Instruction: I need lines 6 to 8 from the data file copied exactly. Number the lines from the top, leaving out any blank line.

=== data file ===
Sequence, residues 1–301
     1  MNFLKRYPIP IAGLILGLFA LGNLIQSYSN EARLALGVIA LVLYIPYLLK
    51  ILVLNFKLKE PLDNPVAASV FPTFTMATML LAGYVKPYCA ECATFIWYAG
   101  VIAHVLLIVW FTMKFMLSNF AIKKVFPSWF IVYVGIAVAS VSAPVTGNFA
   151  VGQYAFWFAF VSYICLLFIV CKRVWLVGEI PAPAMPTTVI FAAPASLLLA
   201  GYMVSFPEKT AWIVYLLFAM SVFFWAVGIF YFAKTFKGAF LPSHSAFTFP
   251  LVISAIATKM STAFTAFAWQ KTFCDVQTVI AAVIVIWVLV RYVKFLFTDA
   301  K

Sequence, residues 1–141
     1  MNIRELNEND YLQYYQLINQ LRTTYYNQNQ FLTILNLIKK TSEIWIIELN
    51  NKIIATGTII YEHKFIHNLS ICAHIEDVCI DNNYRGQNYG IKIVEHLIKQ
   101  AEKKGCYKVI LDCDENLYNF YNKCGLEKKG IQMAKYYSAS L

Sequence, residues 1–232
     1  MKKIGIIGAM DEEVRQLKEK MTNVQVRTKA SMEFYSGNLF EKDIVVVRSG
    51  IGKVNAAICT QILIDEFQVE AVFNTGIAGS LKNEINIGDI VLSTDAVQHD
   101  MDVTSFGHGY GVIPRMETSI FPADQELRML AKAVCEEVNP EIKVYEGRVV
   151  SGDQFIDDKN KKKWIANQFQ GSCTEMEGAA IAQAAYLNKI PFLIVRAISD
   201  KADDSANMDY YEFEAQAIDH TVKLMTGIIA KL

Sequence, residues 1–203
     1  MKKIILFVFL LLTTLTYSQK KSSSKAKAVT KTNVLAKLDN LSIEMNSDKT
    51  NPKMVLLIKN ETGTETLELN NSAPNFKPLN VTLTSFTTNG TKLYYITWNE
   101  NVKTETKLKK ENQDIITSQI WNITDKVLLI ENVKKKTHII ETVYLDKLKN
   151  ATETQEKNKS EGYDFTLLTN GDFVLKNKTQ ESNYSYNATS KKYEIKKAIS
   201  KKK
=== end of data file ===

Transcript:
   201  GYMVSFPEKT AWIVYLLFAM SVFFWAVGIF YFAKTFKGAF LPSHSAFTFP
   251  LVISAIATKM STAFTAFAWQ KTFCDVQTVI AAVIVIWVLV RYVKFLFTDA
   301  K